A federal judge in Oregon has rejected a race and national origin discrimination suit by a student who failed a final chemistry exam after Portland State University officials determined he had sent someone else to take the test.
U.S. District Magistrate Judge Paul Papak ruled that Mohamad Hariri had offered no evidence of a discriminatory motive and said the university had a legitimate nondiscriminatory reason for his zero on the test and a D in the course.
Hariri, who is an Arab American of Lebanese and Syrian ancestry, earned a bachelor’s degree in general science at Portland State in 2013 and applied unsuccessfully to dental programs. In an effort to raise his GPA, he then enrolled as a postbaccalaureate student to retake four courses he had done poorly in, the decision said.
The grading and cheating dispute involved a large chemistry class where someone, whom the proctor did not recognize, handed in the final exam with Hariri’s name, according to the decision. The apparent ringer did not show the required photo ID and left the examination room without talking to the professor.
Hariri insisted he had taken the test himself, but Portland State retained a forensic document examiner who opined that someone else wrote the exam. Its senior student conduct officer investigated, sustained the allegation of cheating and imposed a one-year suspension.
Hariri again applied to several dental schools, all of which rejected him.
His suit alleged violations of Title VI and his due process rights.
In his decision, Papak said Hariri did not show any similarly situated non-minority student had received more favorable treatment, such as lesser discipline for cheating under similar circumstances.
The fact that university authorities accepted the White proctor’s version of events rather than Hariri’s explanation “does not support a finding that prohibited discrimination occurred,” Papak said.
In addition, he found no factual issue for trial as to the legitimacy of the university’s rationale for disciplining Hariri.
As for the due process claim, the judge said Hariri received notice of the charges and the factual basis for those allegations. Hariri also decided not to appear at the disciplinary hearing to present evidence on his own behalf.
A former campus police officer who was terminated after repeatedly failing his firearms requalification test has lost a race-based hostile work environment suit against Colorado State University.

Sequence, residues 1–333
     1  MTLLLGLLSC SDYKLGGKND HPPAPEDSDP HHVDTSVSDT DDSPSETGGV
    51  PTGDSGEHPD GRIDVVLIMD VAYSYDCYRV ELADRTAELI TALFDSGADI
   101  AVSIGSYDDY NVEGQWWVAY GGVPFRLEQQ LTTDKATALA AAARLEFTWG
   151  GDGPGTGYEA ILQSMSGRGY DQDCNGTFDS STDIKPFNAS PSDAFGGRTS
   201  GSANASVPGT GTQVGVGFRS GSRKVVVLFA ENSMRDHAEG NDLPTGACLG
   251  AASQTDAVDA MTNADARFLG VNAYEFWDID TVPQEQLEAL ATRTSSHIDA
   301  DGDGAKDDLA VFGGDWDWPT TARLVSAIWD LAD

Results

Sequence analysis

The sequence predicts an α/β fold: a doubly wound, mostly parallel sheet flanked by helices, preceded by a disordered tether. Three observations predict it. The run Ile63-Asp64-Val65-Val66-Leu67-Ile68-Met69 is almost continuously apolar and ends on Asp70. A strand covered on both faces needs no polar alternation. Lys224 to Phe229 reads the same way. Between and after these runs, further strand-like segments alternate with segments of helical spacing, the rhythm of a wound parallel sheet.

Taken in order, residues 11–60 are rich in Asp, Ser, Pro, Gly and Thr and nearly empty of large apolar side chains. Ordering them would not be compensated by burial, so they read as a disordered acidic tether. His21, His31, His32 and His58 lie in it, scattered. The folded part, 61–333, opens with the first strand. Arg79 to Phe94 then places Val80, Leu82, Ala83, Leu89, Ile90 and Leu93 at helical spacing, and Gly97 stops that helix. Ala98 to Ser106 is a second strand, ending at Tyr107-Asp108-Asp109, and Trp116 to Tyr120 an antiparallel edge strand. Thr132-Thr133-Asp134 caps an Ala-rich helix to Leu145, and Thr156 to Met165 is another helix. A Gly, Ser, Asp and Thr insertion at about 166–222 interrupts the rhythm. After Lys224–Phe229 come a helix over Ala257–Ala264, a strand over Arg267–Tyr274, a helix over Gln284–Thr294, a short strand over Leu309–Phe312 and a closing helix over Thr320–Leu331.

U.S. District Judge Robert Blackburn in Denver dismissed the suit filed by Rodney Smith, who is African-American, finding insufficient evidence for trial.
Colorado State hired Smith in 2003 and promoted him to corporal in 2002, according to the decision. The next year, the university hired a new chief, who also was African-American.
Smith contends that the new chief, who was terminated in 2010 for unrelated misconduct, used racial slurs and targeted him for helping to instigate an internal investigation of the campus police department. The suit also alleged that Smith was repeatedly denied promotions based on race.
In 2013, Smith failed the mandatory annual handgun recertification course multiple times despite remedial training. He accused the instructors of intentional racial discrimination, the decision said.
The university cited his failure to meet the certification requirement as its rationale for terminating Smith in 2013.
In throwing out the case, Blackburn said Smith did not show that any workplace hostility was severe or pervasive enough to support his claim.
For example, Blackburn said comments allegedly made by the former chief don’t amount to more than a few isolated incidents, and there was no showing that criticism from other police officers was “motivated by racial animosity, as opposed to mere personal animosity.”
An English as a Second Language instructor who was demoted from an administrative position at Virginia International University failed in a bid to keep alive her Title VII retaliation and national origin and sex discrimination suit.
Loubna Salagh, a naturalized U.S. citizen of Arab descent, didn’t offer sufficient facts to show that discrimination was the motive for her 2016 demotion from director of the university’s School of Test Preparation to a full-time instructor, U.S. District Judge Gerald Lee in Alexandria, Virginia, ruled.
The university hired Salagh as an ESL instructor in March 2014, promoted her to the director position in March 2015. It demoted her in October 2016 after a less-than-satisfactory performance report, Lee said in his decision. A White man replaced her as director but her salary stayed the same.
Her suit also alleged that the demotion came in retaliation for contacting the Department of Homeland Security about witnessing possible immigration, tax and accreditation violations.
She filed an EEOC complaint and then sued the university and several administrators.
In his decision, Lee said Salagh’s discrimination claim “does not rise to the level of facial plausibility” because it doesn’t allege facts to support that claim.
He reached the same conclusion on the retaliation question but also said it appears that she learned of the demotion before complaining to the EEOC, “which may foreclose any causal connection” between the protected action of going to the EEOC and the demotion.
Last, he said Salagh didn’t show that she had reported alleged false or fraudulent claims to the government or file a False Claims Act suit. In addition, he said all her communications with federal agencies regarding alleged fraud took place after the demotion.